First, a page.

"We have tried". David explained what had happened with the three amiable and indifferent girls.
"Doesn't surprise me. Who wants to do an honest job these days? " said Dorothy. 'But you have to get someone. and i can tell you i didn't expect to end my days as your and Sarah's skivvy."
Here Luke and Helen gave their grandmother incredulous looks and burst into tears. After a pause, Dorothycontrolled herself and began consoling them.
"All right, it's all right', she said "And now I'm going to put Paul and Jane to bed. You two, Luke and Helen can put yourselves to bed. I'll come up and say good night. And then your grand is off to bed. I'm tired'
The subdued children went off upstairs.
Harriet did not come down again that evening; her husband and her mother knew she was being sick.Which they were used to.... but were not used to ill temper, tears, fretfulness.
When the children were in bed, David did some of the work he had brought home, made himself a sandwich, and was joined by D, who had come down to make herself tea. This time they did not exchange irritabilities: they were together in a companionable silence, like two old campaigners facing trials and difficulties.Then David went up into the great shadowy bedroom, where lights from an upstairs windows in a neighboring house a good thirty yards away sent gleams and shadows on to the ceiling. He stood looking at the big bed where Harry lay. Asleep? Baby Paul was lying asleep close to her, unwrapped. David cautiously leaned over, folded Paul into his cuddling blanket, took him to his room next door. He sawHarriet's eyes shine as the followed his movements.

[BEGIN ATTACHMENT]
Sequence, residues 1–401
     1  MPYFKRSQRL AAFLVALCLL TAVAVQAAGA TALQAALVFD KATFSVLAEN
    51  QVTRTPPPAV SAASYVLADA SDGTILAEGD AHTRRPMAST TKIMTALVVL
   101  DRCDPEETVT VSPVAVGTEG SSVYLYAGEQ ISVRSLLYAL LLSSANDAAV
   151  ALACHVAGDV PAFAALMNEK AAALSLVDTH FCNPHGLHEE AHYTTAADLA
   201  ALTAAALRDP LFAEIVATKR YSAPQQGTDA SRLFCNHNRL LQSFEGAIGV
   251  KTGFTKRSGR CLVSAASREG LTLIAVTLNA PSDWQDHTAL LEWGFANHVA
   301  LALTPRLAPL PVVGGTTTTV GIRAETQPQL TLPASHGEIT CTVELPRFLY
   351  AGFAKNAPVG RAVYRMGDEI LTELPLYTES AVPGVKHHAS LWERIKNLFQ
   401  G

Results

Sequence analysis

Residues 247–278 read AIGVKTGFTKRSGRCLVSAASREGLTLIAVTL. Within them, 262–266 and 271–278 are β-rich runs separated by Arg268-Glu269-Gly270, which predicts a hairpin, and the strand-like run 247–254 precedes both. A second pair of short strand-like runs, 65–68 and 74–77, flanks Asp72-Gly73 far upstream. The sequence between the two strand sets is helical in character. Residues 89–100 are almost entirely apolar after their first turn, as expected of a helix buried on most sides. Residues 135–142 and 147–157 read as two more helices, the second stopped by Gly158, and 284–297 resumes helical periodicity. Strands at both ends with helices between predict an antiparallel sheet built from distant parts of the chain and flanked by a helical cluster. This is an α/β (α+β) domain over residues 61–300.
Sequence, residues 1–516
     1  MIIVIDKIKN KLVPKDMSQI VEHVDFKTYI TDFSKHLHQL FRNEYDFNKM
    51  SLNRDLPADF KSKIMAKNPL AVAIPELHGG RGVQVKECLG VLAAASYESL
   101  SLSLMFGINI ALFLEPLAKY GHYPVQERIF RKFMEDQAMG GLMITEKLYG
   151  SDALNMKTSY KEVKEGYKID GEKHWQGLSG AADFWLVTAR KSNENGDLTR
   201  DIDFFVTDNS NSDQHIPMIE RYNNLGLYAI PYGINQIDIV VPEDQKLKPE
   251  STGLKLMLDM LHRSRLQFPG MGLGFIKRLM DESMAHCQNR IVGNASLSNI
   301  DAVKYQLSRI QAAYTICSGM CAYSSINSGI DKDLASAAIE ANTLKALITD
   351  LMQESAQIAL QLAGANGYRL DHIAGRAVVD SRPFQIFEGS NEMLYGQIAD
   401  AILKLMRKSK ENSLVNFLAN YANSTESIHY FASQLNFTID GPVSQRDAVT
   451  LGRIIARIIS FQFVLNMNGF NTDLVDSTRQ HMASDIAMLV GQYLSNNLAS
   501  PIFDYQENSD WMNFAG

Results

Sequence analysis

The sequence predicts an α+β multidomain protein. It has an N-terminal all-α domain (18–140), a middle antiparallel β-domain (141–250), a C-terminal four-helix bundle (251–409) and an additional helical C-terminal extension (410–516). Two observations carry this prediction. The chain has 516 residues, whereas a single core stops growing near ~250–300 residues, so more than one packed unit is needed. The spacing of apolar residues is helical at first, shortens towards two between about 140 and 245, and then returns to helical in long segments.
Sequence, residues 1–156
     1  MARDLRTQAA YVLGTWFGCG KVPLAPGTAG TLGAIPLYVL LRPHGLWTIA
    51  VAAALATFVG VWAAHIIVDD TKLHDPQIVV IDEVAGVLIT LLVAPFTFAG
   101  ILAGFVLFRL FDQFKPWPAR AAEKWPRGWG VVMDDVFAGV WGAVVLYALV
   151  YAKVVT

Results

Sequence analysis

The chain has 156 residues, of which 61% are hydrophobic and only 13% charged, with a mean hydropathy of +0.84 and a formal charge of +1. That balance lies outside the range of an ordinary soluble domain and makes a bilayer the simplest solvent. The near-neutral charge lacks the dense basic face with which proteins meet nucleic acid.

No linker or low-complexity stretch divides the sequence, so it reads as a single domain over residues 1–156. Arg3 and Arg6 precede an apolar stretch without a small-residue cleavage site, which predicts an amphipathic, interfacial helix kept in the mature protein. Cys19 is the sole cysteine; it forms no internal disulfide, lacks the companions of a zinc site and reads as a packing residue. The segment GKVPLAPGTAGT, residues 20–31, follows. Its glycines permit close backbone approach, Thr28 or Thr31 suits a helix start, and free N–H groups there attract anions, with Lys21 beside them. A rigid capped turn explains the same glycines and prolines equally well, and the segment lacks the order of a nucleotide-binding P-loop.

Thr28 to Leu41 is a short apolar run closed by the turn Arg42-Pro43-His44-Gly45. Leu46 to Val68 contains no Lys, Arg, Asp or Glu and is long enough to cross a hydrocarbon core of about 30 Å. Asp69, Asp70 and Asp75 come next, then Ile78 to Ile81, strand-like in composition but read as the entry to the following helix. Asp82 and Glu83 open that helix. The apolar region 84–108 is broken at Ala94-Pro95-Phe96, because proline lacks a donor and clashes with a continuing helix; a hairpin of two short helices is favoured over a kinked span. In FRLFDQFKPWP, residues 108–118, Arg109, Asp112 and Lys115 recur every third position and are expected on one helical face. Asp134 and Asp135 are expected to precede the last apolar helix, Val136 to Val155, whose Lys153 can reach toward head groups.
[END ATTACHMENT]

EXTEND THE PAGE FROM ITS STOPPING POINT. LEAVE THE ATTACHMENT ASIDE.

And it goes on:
He got into bed and, as always, slid out his arm so that she could put her head on to it and be gathered close to him.
But she said, "Feel this" and guided his hand to her stomach.
She was nearly three months pregnant. this new baby had not yet shown signs of independent life, but now David felt a jolt under his hand, quite a hard movement
"Canyou be further along that you thought?" Once more he felt the trust , and could not believe it.
Harriet was weeping again, and he felt, knowing of course this was unfair, that she was breaking the rules of some contract between them: tears and misery had not ever been on their agenda!
She felt rejected by him, They had always loved to lie here feeling a new life life, greeting it, She hadwaited four times for the first little flutters, easily mistaken but then certain; the sensation that was as if a fish mouthed out a bubble; the small responses to her movements, her touch, and even she was convinced her thoughts,
this morning, lying in the dark before the children woke, she had felt a tapping in her belly, demanding attention, Disbelieving, she had half sat up, looking down at herstill flat, it soft, stomach and felt the imperative beat, like a small drum, She had been keeping herself on the move all day, so as not to feel these demands from the new being, unlike anything she had known before,
“ You had better go and get Dr Brett to check the dates” Said David,
Harriet said nothing, feeling it was beside the point: he did not know why she felt this,
But she did go toDr Brett,
He said, “Well, perhaps I was out by a mouth but if so, you have really been very careless, Harriet” This scolding was what she was getting from everyone, and she flashed out, ' Anyone can make a mistake”,
He frowned as he felt the emphatic movements in her stomach, and remarked, “Well, there's nothing very much wrong with that, is there? “ He looked dubious, however. He was aharassed, no longer young man, who, she had heard, had a difficult marriage, She always felt rather superior to him, Now she felt at his mercy, and was looking up into that professionally reticent face as she lay there, under his hands, longing for him to say something else. What? An explanation.
“you'll have to take it easy”, he said turning away, Behind his back, she muttered, “take it easy...
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